The future is mobile. Kaiapoi's relocatable flood solution.

Installing relocatable pumps at McIntosh Drain in North East Kaiapoi has helped future-proof the region's flood response. A novel approach in New Zealand, the practice is common in Europe.

No ordinary solution.

Big capacity, small footprint infrastructure delivers for Kaiapoi stormwater project.

2.5 to 3.5 cumecs is, as Waimakariri Shovel Ready Delivery Manager Rob Kerr wryly puts it, “A lot of water.” But it’s what North East Kaiapoi’s McIntosh Drain needs to handle in a flood event.

The drain is a modified natural water catchment area servicing 1,500 hectares of largely rural land. Forming a long, narrow corridor between the Kaiapoi River and ancient sand dunes, it is prone to flooding.

Waimakariri District Council earmarked McIntosh Drain for development but had lacked the funds for the work. The launch of the Government’s Shovel Ready initiative changed that.

Execution of the McIntosh Drain project took around ten months. Commissioned in July, it is one of three recent stormwater management upgrades completed by Waimakariri District Council.

Rob Kerr says McIntosh Drain had quite specific challenges, and uncertainties. In addition to flood events, these included earthquake risk (Kaiapoi suffered badly in 2010), and, like other coastal and low-lying areas, climate change.

“The McIntosh Drain site is in a rural location beside a stop bank. The objective was to get water from one side of the stop bank to the other – particularly at high tide. It called for a different type of solution.”

Resilience was key.

“As things change, we as a council need to be able to change easily too. That’s really important.”

“We don’t know how quickly climate change is going to happen or the frequency of storm events. We do know the Council is going to have to be able to respond. We need to be adaptable and flexible.”

Prime Pump partnered with Kirk Roberts Consulting, and their pump supplier, Netherlands-based BBA Pumps to provide the Waimakariri District Council Shovel Ready projects team with a solution to address their needs, and those of the district.

On budget.

Rather than a traditional below-ground pump station, the Council decided on a New Zealand first – a mobile ‘pad and pump’ set up.

BBA BA300 NZSiteImage McIntoshDrain3 Jul23 lowres

Two high-volume, relocatable BBA BA500G diesel pumps are situated on a simple, 150mm thick, concrete pad. The future-proofed approach allows for a third pump if and when required. A control shed and diesel storage complete the set-up - significantly less infrastructure than for an underground pumping station.

Prime Pump Team Leader Hayden Powell says what makes the solution unique is that the large volume pumps can be easily disconnected and moved as required.

Powell says the BBA pumps can be lifted using a hiab and disassembled and reassembled inside of 12 hours.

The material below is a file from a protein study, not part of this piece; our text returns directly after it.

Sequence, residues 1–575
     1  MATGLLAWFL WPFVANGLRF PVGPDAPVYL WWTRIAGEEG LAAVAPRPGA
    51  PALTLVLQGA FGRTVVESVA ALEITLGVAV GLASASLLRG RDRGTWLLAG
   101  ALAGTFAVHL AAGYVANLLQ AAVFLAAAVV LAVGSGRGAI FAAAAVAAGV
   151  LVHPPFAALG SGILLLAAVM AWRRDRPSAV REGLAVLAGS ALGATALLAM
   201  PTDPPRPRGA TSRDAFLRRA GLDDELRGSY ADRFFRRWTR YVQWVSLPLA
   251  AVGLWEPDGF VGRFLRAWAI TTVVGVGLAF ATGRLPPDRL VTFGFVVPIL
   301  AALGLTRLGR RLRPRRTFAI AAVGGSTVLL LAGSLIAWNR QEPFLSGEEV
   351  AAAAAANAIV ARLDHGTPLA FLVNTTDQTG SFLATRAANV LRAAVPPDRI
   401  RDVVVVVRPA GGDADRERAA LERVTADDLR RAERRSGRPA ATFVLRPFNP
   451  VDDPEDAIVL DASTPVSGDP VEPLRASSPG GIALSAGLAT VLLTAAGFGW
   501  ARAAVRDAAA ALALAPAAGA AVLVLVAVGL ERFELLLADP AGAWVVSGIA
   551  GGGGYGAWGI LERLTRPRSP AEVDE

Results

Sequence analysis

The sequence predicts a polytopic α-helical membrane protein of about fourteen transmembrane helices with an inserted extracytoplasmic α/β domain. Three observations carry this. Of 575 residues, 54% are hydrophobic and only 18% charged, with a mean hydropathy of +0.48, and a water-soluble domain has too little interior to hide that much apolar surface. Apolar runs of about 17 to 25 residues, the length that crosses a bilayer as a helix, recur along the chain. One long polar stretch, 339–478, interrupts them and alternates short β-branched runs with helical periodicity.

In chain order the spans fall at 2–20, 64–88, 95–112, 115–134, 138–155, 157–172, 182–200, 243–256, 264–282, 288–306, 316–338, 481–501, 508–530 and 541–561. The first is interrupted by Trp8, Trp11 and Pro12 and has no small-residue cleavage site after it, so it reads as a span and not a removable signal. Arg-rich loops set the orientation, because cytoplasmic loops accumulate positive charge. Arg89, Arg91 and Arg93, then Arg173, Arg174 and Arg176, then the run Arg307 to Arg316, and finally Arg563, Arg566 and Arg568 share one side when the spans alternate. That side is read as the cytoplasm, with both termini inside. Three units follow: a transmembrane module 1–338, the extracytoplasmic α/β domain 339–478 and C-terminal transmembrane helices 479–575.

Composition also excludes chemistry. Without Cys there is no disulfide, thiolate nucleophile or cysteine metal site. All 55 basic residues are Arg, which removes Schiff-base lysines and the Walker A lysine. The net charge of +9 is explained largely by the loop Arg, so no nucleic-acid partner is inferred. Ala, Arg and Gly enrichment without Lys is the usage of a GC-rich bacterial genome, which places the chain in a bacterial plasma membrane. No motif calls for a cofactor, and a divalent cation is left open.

“In addition, to flexibility, the ‘pad and pump’ approach provides a cost saving for the Council of close to 50% compared with an underground pumping station.”

Powell says the comparatively small amount of concrete used in the design helped reduce the project’s carbon footprint.

While having initially considered an underground option, Rob Kerr says there were limitations. “There was the lack of ability to relocate the pumps to other areas of flooding, and to change in the future.

“Having the pumps above ground also provides general ease of accessibility. “When pumps are underground, they’re a lot harder to fix, if something does go wrong.”

In the event of an earthquake, the underground pumping station could also have been at risk of damage – resulting in the need for costly repairs or replacement.

The set-ups can also suffer from inundation themselves. Powell says in Napier recently, pumps were needed to remove water and debris to gain access to the stormwater network to repair it.

In the early design stages, electric pumps were also in the mix. But running 11kv cables from 800-900 metres away would’ve resulted in a cost blow out. It also left the pumps reliant on the grid, often the first thing to go down in a major flood event or earthquake. “That helped sway our thinking,” Kerr says.

For the Council’s particular needs, Powell says it was a “no brainer” to go with diesel. “When you combine the fact that they’re only running 3-5 times a year with a significant reduction in in-ground infrastructure, the environmental impact is minimal.” The highly efficient pumps minimise fuel consumption and use a special, non-degenerating diesel fuel stored on site.

He had equal confidence in the pumps themselves. Fully-bunded, the robust pumps are used around the globe for flooding, sewage and groundwater transfer. Each is capable of pumping 1.25 cumecs.

With the sea close by, it was also important to have pumps that were suited to the saline environment to ensure longevity, performance, and durability. With corrosion-free hot dip galvanised canopies and corrosion-free composite door panels and powder coated plating the BBA pumps were fit for purpose.

“Prime Pump has worked closely with Netherlands-based BBA since 2007. Around 1/3rd of Holland is below sea level so they know how to make pumps!”

Their commitment went beyond simple supply. Prime Pump brought out a technician from Holland to make sure the pumps worked optimally, and to train the team.

“It was the perfect opportunity as we’re always looking to learn and improve,” said Powell.

Rob Kerr says the whole process went smoothly. “The pumps were delivered when promised and on budget. We’re pretty happy. Prime Pump did what they promised.”

Less than two weeks after commissioning the pump station had its first test. Heavy rainfalls triggered the operation of one of the pumps.

It passed with flying colours.

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